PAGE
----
The Swimmer Medicinal Garden was originally planted in 2011 under the direction of the Friends of Ballona Wetlands. It was completely restored in 2017 with a donation from the Swimmer Family.
Since many of the original plants had died off, and many had become weedy, we had to remove most of the vegetation and then renew the soil.. New plants were selected and installed in October, and a deep layer of ‘gorilla hair’ redwood mulch was applied.
A specially designed irrigation system was installed, using micro spray heads and a smart controller. The signage was professionally designed (by Holly Hampton of Sussman Prejza) and manufactured. On completion of the restoration a ‘Grand Opening’ ceremony was enjoyed by all the parties and many members of the Swimmer family in June of 2018.
About The Swimmer Medicinal Garden
Text of the Introductory Sign at the Garden
The plants displayed here are representative of the hundreds of plants used by local Native American tribes for medicinal purposes. These plants were discovered and identified over thousands of years of experimentation and were deemed by tribal healers to be effective in treating various ailments. The main tribes considered here are the Tongva, in the Los Angeles area, the Chumash along the coast, and the Cahuilla in the desert areas. Many of these plants are still used by tribal members to treat numerous ailments.
Various parts of the plants were harvested and processed into teas, or poultices, or salves. A tribal healer-called a 'shaman'- administered the treatments, which often included sacred rituals, dreams, and healing songs. Many of these rituals have been lost to our modern way of life.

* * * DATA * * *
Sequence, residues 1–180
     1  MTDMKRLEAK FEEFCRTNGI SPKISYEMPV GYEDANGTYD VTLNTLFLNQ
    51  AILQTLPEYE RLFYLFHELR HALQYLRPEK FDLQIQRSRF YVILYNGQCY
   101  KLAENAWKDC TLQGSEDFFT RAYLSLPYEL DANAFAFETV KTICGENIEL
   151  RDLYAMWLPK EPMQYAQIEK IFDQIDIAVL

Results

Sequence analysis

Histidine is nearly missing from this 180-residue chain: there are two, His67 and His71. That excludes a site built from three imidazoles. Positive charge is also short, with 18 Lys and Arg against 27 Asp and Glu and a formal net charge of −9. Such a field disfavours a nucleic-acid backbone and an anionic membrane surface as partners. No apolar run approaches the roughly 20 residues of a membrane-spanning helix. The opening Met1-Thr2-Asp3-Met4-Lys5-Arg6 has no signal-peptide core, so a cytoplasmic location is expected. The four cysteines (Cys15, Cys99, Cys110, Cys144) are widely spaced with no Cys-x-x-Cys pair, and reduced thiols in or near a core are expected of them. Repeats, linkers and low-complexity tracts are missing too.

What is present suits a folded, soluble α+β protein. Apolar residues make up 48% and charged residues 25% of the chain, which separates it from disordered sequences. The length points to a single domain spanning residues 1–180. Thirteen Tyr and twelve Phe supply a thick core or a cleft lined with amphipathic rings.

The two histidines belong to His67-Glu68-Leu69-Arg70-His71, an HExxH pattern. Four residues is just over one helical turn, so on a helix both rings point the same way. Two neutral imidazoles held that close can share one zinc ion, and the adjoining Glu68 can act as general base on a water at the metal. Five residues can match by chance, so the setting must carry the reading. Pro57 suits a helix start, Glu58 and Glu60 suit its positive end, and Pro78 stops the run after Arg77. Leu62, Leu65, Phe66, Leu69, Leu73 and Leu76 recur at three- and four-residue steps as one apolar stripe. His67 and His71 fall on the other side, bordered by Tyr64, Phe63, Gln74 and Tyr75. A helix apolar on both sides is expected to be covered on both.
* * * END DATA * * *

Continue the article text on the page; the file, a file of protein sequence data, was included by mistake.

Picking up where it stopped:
But fortunately, not all has been lost, and some physicians today are conducting research and treating patients with these same native remedies. Indeed, much of modern medicine was developed by research into native medicinal plants used all over the world. And to this day, a great deal of modern medical research is focused on finding and identifying useful plants that could become the cures for some of our most difficult medical challenges.
We hope you enjoy your visit to this beautiful and educational garden.
This garden is dedicated to the memory of Dr. David Swimmer, a physician in Santa Barbara, who was a pioneer in the use of native medicinal plants in his medical clinic.
The garden was constructed in 2017 with the loving hands of these expert craftspeople:
Michael Swimmer - Landscape Architect (retired)
Lisa Fimiani - Master Gardener and Naturalist
Lanny Kaufer - Nature Guide and Native Plant Expert
Exiquio de Leon - Landscape Contractor and Irrigation Expert
Everardo Berumen - Landscaper and Arborist
Funds were provided by the Swimmer Family Trust
Healing with Medicinal Plants of the West
by Cecilia Garcia - Chumash Healer, and James D. Adams, Jr. - Associate Professor of Pharmacology at USC
Temalpakh Cahuilla Indian knowledge and usage of plants
by Lowell Bean – Professor of Anthropology at CSU Hayward, and Katherine Siva Saubel – Cahuilla tribal authority
Chumash Ethnobotany: Plant Knowledge Among the Chumash People of Southern California
by Jan Timbrook - Curator of Ethnography at Santa Barbara Museum of Natural History
The Drought Defying California Garden
by Greg Rubin and Lucy Warren - Native plant landscaping professionals
by Mario Incayawar, M.D., M.Sc., Principal Investigator
Wildflowers of the Santa Monica Mountains
by Milt McAuley